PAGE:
Theatrical magic in Shakespearian fashion |

Theatrical magic in Shakespearian fashion

Brian Pettet
Submitted Report
Patrick Keleher, front, plays Nick Bottom and Ella Gruel plays Tom Snout.
Courtesy Asha Ironwood |

There are times in life when a single idea is met with uncontrollable variables, and this combination results in something magical to behold. SoL Theatre Company is currently experiencing this magic as it produces William Shakespeare’s funniest play, “A Midsummer Night’s Dream.” The performances should prove to be a mystically hilarious evening for the whole family.

What makes this show special compared to other productions by SoL is the combination of adult professional actors with a group of theatrically talented youth from around the Roaring Fork Valley. Production director Jennifer Michaud said, “Some people thought we were crazy, attempting a full Shakespeare production with young people. The poetic language Shakespeare used can be difficult, but no-one told the kids … and they are nailing it!”

The adult actors that have been teamed up with the young folks are locals Lee Sullivan (who has performed with Thunder River Theatre Company, Aspen Community Theatre and The Hudson Reed Ensemble) as Oberon; actor Brian Kelleher (who recently portrayed Thomas Jefferson in ACT’s production of “1776”) as the “Donkey” version of Nick Bottom; and SoL’s own Artistic Director, Logan Carter, as Titania. Carter just finished her first year as the theatre teacher for Aspen Middle and High schools.

Michaud said that the perfect casting combination of talented individuals has created a captivating artistic endeavor. “Magic is happening in this production. Given the casting at hand, I just needed to get out of their way and let it flow. I have been witnessing a thrilling collaboration — it’s a joy to watch,” she said.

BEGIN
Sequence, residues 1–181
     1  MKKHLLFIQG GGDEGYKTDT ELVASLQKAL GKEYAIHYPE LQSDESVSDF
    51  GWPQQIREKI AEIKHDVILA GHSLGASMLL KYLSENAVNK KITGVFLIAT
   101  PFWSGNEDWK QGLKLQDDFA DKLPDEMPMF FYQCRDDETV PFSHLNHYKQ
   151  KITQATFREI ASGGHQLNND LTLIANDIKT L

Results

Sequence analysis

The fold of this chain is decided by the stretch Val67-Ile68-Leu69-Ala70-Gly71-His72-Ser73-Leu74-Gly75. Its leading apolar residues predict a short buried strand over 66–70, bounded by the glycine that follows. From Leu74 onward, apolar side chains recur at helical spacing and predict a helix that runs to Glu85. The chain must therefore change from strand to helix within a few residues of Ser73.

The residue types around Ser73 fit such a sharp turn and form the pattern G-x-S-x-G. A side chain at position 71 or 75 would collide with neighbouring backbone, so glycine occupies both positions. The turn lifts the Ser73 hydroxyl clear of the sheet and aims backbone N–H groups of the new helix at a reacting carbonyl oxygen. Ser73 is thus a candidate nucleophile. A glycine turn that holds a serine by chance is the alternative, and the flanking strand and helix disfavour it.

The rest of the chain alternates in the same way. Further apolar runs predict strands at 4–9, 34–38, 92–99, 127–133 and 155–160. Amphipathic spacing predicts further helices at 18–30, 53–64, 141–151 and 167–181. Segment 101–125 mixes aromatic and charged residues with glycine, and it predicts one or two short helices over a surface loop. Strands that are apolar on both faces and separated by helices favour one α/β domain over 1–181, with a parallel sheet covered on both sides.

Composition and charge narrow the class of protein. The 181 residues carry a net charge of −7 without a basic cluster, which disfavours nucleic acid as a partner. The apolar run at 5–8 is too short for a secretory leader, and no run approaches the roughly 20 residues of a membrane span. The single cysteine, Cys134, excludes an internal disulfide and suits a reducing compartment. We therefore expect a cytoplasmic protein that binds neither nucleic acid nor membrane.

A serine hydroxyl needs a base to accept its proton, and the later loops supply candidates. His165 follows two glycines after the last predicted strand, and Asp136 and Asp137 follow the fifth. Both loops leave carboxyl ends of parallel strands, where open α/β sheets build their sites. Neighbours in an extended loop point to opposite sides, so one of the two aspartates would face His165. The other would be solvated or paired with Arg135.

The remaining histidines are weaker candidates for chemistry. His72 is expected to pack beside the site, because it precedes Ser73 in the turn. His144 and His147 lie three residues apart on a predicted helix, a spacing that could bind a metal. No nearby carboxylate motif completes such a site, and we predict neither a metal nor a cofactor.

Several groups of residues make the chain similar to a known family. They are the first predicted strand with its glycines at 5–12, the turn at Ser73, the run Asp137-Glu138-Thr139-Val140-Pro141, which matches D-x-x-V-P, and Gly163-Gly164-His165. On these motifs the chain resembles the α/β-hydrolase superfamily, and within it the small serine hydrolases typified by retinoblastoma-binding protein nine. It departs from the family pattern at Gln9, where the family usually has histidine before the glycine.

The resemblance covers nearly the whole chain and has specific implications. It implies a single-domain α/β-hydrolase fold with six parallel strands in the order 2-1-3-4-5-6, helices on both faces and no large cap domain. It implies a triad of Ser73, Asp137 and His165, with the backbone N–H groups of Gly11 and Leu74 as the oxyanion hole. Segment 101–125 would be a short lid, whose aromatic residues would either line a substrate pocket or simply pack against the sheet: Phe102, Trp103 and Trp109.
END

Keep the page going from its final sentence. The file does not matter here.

“Magic is happening in this production. Given the casting at hand, I just needed to get out of their way and let it flow. I have been witnessing a thrilling collaboration — it’s a joy to watch.”
Production director Jennifer Michaud

The play is really three stories in one, which are woven together masterfully in Shakespearian fashion. One is about the “mechanicals” that portray an endearing acting troop within the play and who are controlled and manipulated by mischievous fairies that inhabit the forest — and who provide a second storyline as their king and queen battle jealously throughout the play. The third story is about the romantic adventures of four young Athenian lovers. The three separate stories come together in the end and will leave the audience enchanted (and possibly believing in mischievous controlling fairies), as it has since the 1590s.

“The course of true love never did run smooth.” Find out why when William Shakespeare’s timeless sentiments come to life July 10-12 at the Carbondale Waldorf School on old State Highway 82, just upvalley from Catherine Store. This intimate venue was chosen specifically as it appears to have been “carved out of a tree,” and adds to the magic of the play. However, seating is limited, and advance ticket purchase is encouraged to guarantee a seat at

Performance times are 7 p.m. Thursday, July 10; 7 p.m. Friday, July 11; and 2 p.m. and 7 p.m. Saturday, July 12. Tickets are $15 for adults and $10 for children under 12.

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